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Column: Jill Meagher’s tragic death should not be in vain

Many people will have read the story of Jill Meagher and thought ‘That could have been me’, writes Paula McGovern. We must act as a society.

Paula McGovern

LIKE MANY OTHER people, Jill Meagher’s tragic story deeply saddened me this week. Her story is tragic beyond belief – a beautiful young woman attacked and murdered in her prime, metres from her front door. I prayed she would be found alive, I cried when I heard the news she was found. I pray for her now – that she didn’t suffer much pain, that she passed quickly and that she is now at peace and her family have the strength to cope with her loss.

I imagine, I hope, she had no reason to ever believe such horrendous things could happen her. Her story is so familiar to me too; I feel like I could have known her. Her life mirrors my own and that of my friends in so many ways. We are of similar age, similar careers, similar taken-for-granted freedoms. Like many Irish people of our generation I lived in Melbourne for a time and socialised in the Brunswick area. She emigrated to Australia with her husband some years ago; so did my best friend, so did my sister.

So many times I and my friends have taken a chance to walk home after a night out. Or got a taxi or bus and walked a short solitary walk to our homes, giddy as a goat. Luck of the draw? It could have been any one of us.


Recently I was on a nightlink bus home from the city centre – I had been out with friends and had fallen asleep on the hour-long journey home. I woke up to a man pulling me off my seat and attempting to drag me to the door. I am reasonably strong, yet he pulled me right off my seat into the air. I was overpowered. I got my bearings and pushed back, but he still overpowered me, telling the bus driver he knew me well and to ignore my struggle. Two men sitting at the back of the bus got up and pushed the guy away. They walked me home right to my door and waited outside for me to lock the door from the inside before they left. Decent, decent people. I was lucky.

I never made a police report because I was embarrassed at my being asleep on a nightlink. I had a lot on my mind and, being honest, I just wanted to forget about it; I was fine after all. But Jill’s story has changed my mind. I can’t risk that happening to someone else. The potential of him doing it again – successfully this time – is too much of a threat to other women. I will report it now in memory of Jill.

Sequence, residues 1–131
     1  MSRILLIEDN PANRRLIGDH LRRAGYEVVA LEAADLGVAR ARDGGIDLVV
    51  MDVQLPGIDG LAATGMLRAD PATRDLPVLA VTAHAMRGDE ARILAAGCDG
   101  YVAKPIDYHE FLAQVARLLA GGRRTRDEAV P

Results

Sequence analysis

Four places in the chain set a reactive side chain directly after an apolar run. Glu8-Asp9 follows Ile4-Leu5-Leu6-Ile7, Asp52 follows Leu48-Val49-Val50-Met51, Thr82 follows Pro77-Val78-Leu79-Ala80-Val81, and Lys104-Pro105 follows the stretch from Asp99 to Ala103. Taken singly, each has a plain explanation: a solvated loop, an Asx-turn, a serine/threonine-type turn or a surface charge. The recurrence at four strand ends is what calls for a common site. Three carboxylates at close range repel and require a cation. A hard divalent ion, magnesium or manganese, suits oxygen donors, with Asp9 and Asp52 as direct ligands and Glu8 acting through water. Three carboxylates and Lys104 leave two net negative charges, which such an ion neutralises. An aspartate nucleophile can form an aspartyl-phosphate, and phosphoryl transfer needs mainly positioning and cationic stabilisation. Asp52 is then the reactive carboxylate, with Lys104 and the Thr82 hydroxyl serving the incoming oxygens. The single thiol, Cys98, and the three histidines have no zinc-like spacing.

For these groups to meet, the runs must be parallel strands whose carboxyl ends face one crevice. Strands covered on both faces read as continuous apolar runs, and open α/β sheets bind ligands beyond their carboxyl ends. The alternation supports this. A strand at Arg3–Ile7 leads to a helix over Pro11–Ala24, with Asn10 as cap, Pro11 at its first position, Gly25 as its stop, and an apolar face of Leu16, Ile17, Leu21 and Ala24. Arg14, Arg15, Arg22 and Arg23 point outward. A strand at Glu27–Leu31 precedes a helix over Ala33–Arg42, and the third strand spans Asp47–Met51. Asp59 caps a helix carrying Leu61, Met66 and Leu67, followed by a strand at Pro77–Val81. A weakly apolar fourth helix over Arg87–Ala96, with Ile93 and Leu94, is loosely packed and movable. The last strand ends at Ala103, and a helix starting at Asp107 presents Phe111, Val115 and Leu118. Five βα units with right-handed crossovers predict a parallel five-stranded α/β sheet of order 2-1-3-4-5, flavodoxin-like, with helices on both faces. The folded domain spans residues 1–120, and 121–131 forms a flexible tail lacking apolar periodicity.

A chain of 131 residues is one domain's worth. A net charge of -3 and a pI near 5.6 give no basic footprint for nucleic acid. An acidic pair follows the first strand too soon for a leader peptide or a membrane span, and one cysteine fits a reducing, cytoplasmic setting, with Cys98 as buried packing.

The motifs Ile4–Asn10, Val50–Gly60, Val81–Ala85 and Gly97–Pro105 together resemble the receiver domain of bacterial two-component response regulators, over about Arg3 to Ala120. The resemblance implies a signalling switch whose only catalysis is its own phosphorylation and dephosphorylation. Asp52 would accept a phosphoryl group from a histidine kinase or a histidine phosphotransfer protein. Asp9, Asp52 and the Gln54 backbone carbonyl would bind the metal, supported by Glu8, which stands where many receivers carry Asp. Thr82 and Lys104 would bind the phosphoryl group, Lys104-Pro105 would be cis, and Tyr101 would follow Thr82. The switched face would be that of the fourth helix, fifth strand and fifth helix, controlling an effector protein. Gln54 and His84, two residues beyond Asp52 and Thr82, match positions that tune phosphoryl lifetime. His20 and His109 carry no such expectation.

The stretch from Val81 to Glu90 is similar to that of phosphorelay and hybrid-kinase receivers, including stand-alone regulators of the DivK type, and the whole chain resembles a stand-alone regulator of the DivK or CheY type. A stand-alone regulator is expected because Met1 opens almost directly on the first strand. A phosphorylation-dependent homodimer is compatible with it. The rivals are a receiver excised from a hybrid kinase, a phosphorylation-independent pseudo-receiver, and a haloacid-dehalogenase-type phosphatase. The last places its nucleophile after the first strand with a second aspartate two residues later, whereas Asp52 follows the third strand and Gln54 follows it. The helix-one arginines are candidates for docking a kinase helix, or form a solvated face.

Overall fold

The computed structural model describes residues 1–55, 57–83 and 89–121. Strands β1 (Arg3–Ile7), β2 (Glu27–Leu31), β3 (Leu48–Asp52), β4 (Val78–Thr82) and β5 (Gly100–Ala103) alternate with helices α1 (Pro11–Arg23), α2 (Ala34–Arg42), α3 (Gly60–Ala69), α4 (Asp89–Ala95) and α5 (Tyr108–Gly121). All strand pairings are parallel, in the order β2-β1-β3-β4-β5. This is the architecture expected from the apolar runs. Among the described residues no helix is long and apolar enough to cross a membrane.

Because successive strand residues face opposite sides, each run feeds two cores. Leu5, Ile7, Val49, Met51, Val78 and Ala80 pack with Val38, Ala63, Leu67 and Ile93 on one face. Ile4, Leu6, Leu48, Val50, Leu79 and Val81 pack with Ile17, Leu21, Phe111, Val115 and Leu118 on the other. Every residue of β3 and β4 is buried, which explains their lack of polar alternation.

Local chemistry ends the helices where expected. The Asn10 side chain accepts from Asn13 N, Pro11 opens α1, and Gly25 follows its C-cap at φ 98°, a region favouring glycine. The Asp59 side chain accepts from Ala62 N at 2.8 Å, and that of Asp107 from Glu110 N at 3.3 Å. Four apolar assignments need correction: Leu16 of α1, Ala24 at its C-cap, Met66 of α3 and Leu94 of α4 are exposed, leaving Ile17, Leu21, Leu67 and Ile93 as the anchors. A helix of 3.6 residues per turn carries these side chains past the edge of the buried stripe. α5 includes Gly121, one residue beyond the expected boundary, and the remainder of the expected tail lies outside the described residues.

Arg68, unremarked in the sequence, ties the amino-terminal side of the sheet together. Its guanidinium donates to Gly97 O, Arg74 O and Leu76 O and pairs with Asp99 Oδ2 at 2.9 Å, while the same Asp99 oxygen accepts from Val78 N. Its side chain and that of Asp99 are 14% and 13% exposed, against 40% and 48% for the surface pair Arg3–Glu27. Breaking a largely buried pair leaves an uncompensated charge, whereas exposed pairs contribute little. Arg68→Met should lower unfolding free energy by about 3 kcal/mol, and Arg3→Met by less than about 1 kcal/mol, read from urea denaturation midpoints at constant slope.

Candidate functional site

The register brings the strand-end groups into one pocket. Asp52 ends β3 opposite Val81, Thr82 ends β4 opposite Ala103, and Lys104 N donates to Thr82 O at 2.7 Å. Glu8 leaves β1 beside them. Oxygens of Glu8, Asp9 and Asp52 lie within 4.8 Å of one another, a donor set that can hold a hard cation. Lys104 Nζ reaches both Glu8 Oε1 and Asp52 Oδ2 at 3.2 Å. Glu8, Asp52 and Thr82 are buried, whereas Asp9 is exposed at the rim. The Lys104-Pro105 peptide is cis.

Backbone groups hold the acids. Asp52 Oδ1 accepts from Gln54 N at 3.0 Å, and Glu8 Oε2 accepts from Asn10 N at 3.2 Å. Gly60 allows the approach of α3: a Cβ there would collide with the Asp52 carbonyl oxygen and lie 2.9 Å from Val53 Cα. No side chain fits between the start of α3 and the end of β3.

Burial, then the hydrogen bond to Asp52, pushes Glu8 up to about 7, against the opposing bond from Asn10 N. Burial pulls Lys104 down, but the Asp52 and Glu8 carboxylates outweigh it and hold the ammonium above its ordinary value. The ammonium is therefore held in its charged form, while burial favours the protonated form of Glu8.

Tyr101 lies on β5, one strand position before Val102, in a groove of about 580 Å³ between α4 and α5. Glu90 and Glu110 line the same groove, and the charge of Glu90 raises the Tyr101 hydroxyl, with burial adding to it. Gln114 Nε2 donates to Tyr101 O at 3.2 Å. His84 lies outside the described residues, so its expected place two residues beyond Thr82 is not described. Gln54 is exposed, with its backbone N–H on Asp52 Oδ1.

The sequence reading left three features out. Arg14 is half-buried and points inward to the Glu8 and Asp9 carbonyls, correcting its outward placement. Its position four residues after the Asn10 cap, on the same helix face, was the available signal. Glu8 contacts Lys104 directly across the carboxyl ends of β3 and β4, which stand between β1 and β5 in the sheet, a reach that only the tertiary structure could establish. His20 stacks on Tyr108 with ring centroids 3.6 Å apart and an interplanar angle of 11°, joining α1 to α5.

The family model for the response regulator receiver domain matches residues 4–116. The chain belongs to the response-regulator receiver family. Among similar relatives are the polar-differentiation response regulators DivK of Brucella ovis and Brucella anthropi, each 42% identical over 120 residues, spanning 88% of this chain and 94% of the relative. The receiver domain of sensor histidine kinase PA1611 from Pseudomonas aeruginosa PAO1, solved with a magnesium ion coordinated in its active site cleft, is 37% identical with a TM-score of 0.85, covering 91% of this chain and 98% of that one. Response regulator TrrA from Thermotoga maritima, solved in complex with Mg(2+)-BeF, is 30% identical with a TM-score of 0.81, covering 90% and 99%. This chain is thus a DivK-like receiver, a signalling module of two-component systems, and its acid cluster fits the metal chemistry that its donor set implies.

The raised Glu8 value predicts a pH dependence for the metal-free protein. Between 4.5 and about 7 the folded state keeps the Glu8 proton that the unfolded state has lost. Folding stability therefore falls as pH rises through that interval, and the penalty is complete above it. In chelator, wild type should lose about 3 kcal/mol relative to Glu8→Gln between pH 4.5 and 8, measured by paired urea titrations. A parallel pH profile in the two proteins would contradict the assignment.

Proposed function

When I read the news of Jill’s death I was at a packed gig. My heart fell. I had really hoped there was some other explanation. Or at the very least she would be found alive. I felt sick and I looked around me, never had groups of men looked so threatening, and I wondered – How do you know?


You don’t. People who can commit such crime walk among us every day. Statistics show that we are much more likely to be abused by someone we know. A statistic however that is meaningless to Jill and her beloved family at this moment in time.

Can some things come out of this awful tragedy in Jill’s memory? I didn’t know the woman but she seemed like the sort of person who would not want her tragic death to be in vain. Instead of the usual victim blaming – don’t-get-drunk-and-walk-on-your-own stuff – can we look at the perpetrators of these acts? Why we have to fear; who we have to fear.

Please stop the madness of concentrating on what potential victims can do. To accept the brutal rape and murder of a perfectly innocent woman as a consequence of her decision that night of what route to take home is preposterous. She was attacked because somebody attacked her. Let’s keep the focus on the actual crime. Yes, Jill could have walked home a different route or got a lift home and the fact that that decision may have led her into the path of the perpetrator is tragically eternal. But had Jill not been there, the perpetrator still was – prowling the streets, looking for something, someone. There most likely would have been another girl, another family, a different tragedy.

Of course we have to keep ourselves as safe as possible. However, we also have a right to live without fear too. It’s not right that we have to plan our routes to avoid quiet areas in case mad men attack. We need to look at why we somehow accept ‘mad men attacking’ as an accepted reality. Can we look at why these people attack and try to stop THAT?

Casual tolerance

There are three Ps every society needs against these form of crimes – prevention; protection and prosecution. This means we need more education, prevention programmes, perpetrator programmes, better legal remedies, awareness. We need to stop these attacks happening.

If everything that could be done was being done in this regard then that would be something. But it’s not. And falling into some form of casual tolerance – ‘Oh well, life is just like that, these things happen’ – helps no one and is just apologising for crime on a disturbing collective level.

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It’s not right and it’s not fair that half of the world’s population can’t be as free as the other half. It’s obviously not fair to women. However, it’s also an injustice to the vast majority of men who would never ever harm a woman. Men like the two who helped me; who have intervened at crucial times and possibly saved lives, as well as risked their own in the process.

Violence against women is not a women’s issue, it is a human issue and it affects us all. However, I believe the impact of fear from Jill’s story is something that, for the most part, only women fully understand. The one chilling thought we all share – it could have been me.

RIP Jill Meagher.

Paula McGovern is a policy and communications officer with Sonas Housing Association.

About the author:

Paula McGovern

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